December 10, 2013

Charting Social Network Analysis Tools

Working on different open data projects throughout the last years, I kept coming back to the idea that there should be an intermediate layer for analyzing and contextualizing data. Such a system would help researchers, journalists and other non-technical users to extract knowledge from a variety of sources. It would enable them to generate an overview of how the people, institutions and companies that are part of virtually any data from a political or economic context relate to each other.

The Hacks/Hackers Media Party in Buenos Aires this year was an event designed to bring together developers and reporters and to discuss what technology can do to enable better journalism. After a session on network analysis where we explored the many existing and emerging tools and platforms I started an ongoing collection of initiatives related to this topic.

The survey focuses on a short description of the projects, distinguishing between a few basic types of efforts (libraries and tools, web platforms, desktop software or data standards), and linking out to the project pages and any available documentation. Since I'm interested in reusing these tools, I also introduced two columns to mark up which tools were open source, and which content (i.e. The network data itself) was licensed openly.

What fascinates me most about this survey is that it reflects the range of objectives and methods that people have started to explore within the field of network analysis. From visualization tools such as sigma.js and Immersion to data-mining projects like Mapa76 and from commercial apps such as ConnectedChina to open standards such as the Popolo Project and PoderVocabulary, people are experimenting wildly. Some of the tools listed have little in common with each other, while others are nearly exact copies of each other, written in a different programming language or using different database backends.

Based on this survey, it seems to me that there are a few efforts that could benefit many of the approaches that people seem to be working on:

  • Converge on APIs for web tools. For web-based platforms, there are many reasons why each power mapping effort would want to have a bespoke interface to represent its data in an appropriate form. Yet many of these efforts could easily share a common API and back-end. The fact that this hasn't happened yet, even though many of the initiatives are clearly aware of each other, is most likely owed to the lack of maturity in existing projects.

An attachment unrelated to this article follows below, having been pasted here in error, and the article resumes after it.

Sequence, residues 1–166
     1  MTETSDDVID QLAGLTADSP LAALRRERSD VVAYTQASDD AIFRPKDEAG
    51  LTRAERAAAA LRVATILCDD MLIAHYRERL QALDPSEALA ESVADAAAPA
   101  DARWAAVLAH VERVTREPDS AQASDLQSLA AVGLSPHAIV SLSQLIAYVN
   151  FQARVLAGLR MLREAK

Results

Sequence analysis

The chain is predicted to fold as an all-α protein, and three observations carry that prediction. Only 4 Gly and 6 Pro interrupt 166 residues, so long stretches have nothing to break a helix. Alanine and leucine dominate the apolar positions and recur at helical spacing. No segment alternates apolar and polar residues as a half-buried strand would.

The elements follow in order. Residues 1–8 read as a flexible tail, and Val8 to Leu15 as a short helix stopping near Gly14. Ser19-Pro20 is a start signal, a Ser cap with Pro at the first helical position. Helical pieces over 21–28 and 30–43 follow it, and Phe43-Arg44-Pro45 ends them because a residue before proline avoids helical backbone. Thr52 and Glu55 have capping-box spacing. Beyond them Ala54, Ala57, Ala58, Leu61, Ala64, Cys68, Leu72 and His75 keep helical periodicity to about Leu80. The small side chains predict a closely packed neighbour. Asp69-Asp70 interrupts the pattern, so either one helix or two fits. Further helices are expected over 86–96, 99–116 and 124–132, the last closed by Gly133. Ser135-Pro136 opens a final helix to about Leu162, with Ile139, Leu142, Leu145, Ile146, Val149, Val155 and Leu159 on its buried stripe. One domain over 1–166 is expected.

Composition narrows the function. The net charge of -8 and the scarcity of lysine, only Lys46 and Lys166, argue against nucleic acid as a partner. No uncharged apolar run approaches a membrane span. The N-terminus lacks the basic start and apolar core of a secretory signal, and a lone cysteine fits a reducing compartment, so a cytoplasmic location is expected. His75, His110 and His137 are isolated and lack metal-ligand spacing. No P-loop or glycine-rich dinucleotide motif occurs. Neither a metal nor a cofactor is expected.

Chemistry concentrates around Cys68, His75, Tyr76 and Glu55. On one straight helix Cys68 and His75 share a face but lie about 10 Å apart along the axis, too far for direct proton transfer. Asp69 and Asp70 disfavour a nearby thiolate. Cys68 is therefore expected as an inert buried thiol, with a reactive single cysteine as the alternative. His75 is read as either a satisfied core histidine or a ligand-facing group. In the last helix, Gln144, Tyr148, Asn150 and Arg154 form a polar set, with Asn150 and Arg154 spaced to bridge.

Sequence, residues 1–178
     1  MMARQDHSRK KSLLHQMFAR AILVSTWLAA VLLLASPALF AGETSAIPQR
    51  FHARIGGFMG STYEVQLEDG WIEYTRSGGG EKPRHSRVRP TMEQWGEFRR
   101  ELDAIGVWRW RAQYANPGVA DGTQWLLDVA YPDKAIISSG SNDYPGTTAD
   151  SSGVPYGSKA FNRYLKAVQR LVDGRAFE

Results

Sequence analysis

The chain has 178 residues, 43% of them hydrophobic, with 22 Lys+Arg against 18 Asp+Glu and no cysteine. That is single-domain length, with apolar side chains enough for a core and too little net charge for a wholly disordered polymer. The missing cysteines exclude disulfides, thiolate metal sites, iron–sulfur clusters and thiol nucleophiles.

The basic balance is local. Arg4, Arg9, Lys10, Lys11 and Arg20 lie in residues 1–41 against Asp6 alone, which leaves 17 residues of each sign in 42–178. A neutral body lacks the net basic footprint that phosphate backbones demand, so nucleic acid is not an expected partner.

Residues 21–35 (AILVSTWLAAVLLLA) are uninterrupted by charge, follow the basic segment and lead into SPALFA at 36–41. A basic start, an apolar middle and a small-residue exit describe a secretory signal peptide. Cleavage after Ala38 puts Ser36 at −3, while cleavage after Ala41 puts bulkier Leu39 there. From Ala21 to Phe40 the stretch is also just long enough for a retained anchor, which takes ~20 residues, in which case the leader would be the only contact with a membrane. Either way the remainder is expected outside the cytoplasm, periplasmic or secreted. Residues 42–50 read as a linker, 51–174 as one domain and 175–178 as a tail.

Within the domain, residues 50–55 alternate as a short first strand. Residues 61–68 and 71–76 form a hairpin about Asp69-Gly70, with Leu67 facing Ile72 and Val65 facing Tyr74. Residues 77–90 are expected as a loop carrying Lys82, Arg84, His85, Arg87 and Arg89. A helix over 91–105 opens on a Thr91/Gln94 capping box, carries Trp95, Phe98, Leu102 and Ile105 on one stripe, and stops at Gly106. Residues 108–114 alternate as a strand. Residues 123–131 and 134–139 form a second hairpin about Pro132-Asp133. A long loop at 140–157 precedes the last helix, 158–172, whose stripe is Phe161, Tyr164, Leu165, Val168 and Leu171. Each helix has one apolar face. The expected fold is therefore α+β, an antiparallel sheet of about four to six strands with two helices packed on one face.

• Develop clearer interaction models. For most of the content-centric efforts in the list, it's not really clear what one would do with them. While sites like Poderopedia and QuienManda allow users to contribute further information about relationships and connections, there is little explanation as to when and how one would get information out of them.

  • Link people and organizations across different databases. Being able to identify a single person across multiple databases would be a useful way to support investigations and to work towards further forms of interoperability in the future. Unfortunately, few of the people and companies in such databases meet the relevancy criteria of Wikipedia (and dbPedia), or appear in other authority data.

  • Package platforms for news organizations. While embedded as an OpenNews fellow at Spiegel Online, I tried to set up a network mapping platform for the organization's fact-checking team. Unfortunately, doing this is no simple task, since most packages have a variety of hard-coded settings and do not lend themselves to easy redeployment. Given the sensitive nature of some of the information that may go into such a system, Software-as-a-Service doesn't seem like an appropriate solution to me.

I'm sure that some of the tools in the survey will make big steps towards these challenges in the next year, so this is a fantastic time to play with network analysis tools. As part of this, I'm hoping to keep the project listing up to date, so please feel free to add initiatives directly into the Spreadsheet, and email the Knight Lab or me with any suggestions!